I also took a year off and I took grad level qft at near by University ( top 10). The prof let me and I took the class and did the problems and had fun. I am pointing this out because if you want to boost your confidence in physics then DO PHYSICS. DO research, problems fromr textbooks, talk to physicists, whatever. Oh and I also highlighted that it was a top 10 because I went in thinking i was going to be the dumb person in the class. I wasn't =P. I was just as smart as some of the students, smarter than some, and ofcourse there were students smarter than me. However, it's not about comparing yourself at this point.

When you apply, apply smart! Do not apply to all top 10s etc. I am pretty happy with the offers I have so far and my career goals are different than yours. I also applied to professional master's programs, but no point in talking about that or listing those I guess...


Last thing: If you want to be a physicist, then you HAVE to want it. DO not expect anyone to tell you that "you can do it" every step of the way. It won't happen. So first make sure you really want it. Next, do PHYSICS. Boost your confidence by doing it more and more and more. STOP asking for help everytime you hit an obstacle or get stuck. FIRST, figure it out on your own. That will take some time. If all else fails, then ask for help ( there's nothing wrong with this). Just not all the time.

Edit: Last Last thing. Believe in yourself. You can do it if you really want to.

dak213
Posts: 11
Joined: Sat Sep 27, 2014 2:17 pm

Re: Impostor Syndrome

Postby dak213 » Tue Mar 03, 2015 12:52 pm

PathIntegrals92 wrote:First look at my profile and look at my previous posts before decisions started coming out. You'll see that I was doubting myself. My gpa is mediocre and my pgre+gre are also mediocre.

Apply smart and you can get in somewhere.

Highlight your strengths! If you don't know what that is, figure it out!

So I realized that I am not so good with timed exams ( my grades were lower in classes that contained those). However, I also realized that I am pretty damn good at physics. My research experiences are very strong despite not having a publication. I have great relationships with my advisors.

You will wonder how do I know my research experience is strong if I don't have a publication? Well I am not a genius and getting a publication ( especially first author) in high energy theory is pretty damn tough. However, I have proven it to my advisors and big shots in the field that I know what I am doing. The point of me telling you this is not to brag, but to tell you my strengths. I have become more confident when I became more aware of my capabilities.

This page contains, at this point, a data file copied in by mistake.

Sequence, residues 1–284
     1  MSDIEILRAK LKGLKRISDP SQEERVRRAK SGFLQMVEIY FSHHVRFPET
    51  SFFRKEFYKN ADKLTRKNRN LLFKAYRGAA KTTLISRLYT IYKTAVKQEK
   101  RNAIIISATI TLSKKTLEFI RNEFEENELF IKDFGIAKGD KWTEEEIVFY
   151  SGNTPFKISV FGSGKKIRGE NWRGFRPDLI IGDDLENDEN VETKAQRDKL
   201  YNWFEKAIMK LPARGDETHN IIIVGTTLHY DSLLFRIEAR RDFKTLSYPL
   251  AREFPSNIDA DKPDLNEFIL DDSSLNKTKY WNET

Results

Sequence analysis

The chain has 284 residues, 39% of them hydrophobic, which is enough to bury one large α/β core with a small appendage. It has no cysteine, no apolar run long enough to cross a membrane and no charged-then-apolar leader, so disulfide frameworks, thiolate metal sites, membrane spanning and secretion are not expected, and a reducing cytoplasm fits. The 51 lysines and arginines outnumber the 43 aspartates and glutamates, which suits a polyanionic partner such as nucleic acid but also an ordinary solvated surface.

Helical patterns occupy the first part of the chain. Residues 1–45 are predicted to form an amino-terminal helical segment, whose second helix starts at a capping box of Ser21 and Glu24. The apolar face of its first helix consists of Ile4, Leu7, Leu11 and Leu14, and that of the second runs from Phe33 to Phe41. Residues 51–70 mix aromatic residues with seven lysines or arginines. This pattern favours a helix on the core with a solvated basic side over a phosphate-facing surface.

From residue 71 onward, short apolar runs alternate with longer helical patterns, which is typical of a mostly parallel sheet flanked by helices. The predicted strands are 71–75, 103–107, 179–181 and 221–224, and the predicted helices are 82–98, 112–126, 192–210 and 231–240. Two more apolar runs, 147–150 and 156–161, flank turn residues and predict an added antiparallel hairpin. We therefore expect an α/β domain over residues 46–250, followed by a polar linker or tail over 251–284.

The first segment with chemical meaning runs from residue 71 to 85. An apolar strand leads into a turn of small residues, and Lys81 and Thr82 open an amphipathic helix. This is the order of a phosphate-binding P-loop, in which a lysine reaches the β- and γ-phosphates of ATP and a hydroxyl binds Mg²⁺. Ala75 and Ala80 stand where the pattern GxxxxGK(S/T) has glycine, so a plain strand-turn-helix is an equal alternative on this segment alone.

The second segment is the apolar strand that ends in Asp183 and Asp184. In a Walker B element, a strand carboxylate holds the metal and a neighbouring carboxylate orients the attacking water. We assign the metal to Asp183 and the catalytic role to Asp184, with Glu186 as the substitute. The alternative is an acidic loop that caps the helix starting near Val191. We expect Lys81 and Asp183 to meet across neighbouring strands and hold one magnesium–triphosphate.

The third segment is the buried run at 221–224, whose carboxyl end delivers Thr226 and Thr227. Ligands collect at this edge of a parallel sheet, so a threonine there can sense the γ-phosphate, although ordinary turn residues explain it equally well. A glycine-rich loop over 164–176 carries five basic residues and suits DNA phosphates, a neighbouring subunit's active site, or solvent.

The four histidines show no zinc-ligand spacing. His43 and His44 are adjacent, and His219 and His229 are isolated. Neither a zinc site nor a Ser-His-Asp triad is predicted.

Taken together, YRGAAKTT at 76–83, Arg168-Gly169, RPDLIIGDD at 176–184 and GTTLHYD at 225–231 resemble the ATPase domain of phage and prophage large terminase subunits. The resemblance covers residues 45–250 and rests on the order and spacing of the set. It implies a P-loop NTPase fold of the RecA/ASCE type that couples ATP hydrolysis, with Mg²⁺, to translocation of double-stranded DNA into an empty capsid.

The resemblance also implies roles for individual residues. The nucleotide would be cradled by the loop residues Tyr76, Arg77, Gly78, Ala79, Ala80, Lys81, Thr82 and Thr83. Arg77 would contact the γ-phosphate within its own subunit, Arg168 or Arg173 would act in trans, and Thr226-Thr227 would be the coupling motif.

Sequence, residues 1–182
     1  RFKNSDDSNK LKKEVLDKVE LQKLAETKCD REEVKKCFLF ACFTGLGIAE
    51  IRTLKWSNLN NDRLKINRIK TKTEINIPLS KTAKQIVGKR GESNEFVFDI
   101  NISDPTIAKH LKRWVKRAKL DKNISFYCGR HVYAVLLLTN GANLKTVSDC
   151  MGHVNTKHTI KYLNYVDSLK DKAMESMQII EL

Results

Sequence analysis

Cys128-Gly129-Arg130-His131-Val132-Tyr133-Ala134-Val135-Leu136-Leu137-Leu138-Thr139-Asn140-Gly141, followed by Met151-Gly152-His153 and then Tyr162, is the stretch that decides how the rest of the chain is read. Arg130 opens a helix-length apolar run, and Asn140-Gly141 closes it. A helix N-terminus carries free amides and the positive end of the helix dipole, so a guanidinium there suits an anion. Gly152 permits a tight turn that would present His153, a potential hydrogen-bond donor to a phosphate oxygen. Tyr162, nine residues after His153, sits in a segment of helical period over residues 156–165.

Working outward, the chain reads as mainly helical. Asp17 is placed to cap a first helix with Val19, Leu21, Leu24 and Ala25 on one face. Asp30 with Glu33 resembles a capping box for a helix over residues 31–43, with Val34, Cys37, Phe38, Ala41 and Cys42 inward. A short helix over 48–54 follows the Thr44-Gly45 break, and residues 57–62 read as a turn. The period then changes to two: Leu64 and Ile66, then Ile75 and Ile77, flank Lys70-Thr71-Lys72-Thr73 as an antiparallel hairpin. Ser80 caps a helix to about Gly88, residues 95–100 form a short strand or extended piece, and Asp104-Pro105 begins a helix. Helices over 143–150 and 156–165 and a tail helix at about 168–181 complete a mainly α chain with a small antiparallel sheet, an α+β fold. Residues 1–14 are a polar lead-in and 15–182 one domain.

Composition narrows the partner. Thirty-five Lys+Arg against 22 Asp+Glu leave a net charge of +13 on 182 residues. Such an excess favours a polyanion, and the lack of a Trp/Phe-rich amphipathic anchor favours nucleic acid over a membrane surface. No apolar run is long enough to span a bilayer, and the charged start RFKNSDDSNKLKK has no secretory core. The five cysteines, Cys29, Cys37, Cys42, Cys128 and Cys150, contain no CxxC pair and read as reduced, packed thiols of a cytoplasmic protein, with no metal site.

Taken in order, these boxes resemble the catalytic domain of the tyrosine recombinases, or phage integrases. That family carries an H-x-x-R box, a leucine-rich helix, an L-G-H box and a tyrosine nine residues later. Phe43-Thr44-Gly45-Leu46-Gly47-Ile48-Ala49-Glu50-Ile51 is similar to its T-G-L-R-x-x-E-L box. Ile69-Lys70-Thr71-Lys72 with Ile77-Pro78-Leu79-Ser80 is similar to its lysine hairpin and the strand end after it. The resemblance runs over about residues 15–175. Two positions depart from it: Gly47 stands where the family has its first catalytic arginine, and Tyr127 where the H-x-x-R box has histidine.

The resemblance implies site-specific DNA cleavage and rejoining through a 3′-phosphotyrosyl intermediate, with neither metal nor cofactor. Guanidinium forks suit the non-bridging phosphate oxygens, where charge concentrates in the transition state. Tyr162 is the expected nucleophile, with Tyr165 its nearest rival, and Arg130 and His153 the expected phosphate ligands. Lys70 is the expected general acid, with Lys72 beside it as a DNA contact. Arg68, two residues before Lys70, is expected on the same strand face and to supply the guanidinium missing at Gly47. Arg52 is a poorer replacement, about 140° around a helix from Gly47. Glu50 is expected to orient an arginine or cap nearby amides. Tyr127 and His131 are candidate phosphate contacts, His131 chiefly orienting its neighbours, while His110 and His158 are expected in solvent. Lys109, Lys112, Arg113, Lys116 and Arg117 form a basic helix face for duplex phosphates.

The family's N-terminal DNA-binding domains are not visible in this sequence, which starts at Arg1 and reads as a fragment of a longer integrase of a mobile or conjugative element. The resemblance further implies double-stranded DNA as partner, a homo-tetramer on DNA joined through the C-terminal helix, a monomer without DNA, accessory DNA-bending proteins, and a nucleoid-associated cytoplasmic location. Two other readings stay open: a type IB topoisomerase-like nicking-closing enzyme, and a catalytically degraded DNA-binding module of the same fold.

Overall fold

I also took a year off and I took grad level qft at near by University ( top 10). The prof let me and I took the class and did the problems and had fun. I am pointing this out because if you want to boost your confidence in physics then DO PHYSICS. DO research, problems fromr textbooks, talk to physicists, whatever. Oh and I also highlighted that it was a top 10 because I went in thinking i was going to be the dumb person in the class. I wasn't =P. I was just as smart as some of the students, smarter than some, and ofcourse there were students smarter than me. However, it's not about comparing yourself at this point.

When you apply, apply smart! Do not apply to all top 10s etc. I am pretty happy with the offers I have so far and my career goals are different than yours. I also applied to professional master's programs, but no point in talking about that or listing those I guess...


Last thing: If you want to be a physicist, then you HAVE to want it. DO not expect anyone to tell you that "you can do it" every step of the way. It won't happen. So first make sure you really want it. Next, do PHYSICS. Boost your confidence by doing it more and more and more. STOP asking for help everytime you hit an obstacle or get stuck. FIRST, figure it out on your own. That will take some time. If all else fails, then ask for help ( there's nothing wrong with this). Just not all the time.

Edit: Last Last thing. Believe in yourself. You can do it if you really want to.



Thanks, I'm glad I'm not the only one who feels like this and I feel like I can get over it. I think I have been getting better especially with doing physics problems and studying on my own over this past year. I definitely didn't apply to all top 10s, I went a more practical route but still threw in a some reach schools. I guess it's just a little disconcerting seeing all the applicant profiles (even though I know I shouldn't be looking at them because only the top-notch people post most of the time). I do want to go to grad school and I want to be a professional and then hopefully encourage other students to boost their confidence. Thanks.

Also, at least I know I'll get farther in life with my people skills than Roberto up there.

TakeruK
Posts: 817
Joined: Mon Jan 02, 2012 3:05 pm

Re: Impostor Syndrome

Postby TakeruK » Tue Mar 03, 2015 12:55 pm

Imposter syndrome is a real thing and it does lessen over time. However, it affects large numbers of academics, especially those who are minorities!

For me, it helps to hear about other people feeling the same way because it reminds me that this is a silly (but real) thing that a lot of people are facing, not just me. It also helps to remind myself that all these impostery feelings are not true and I really do deserve to be here.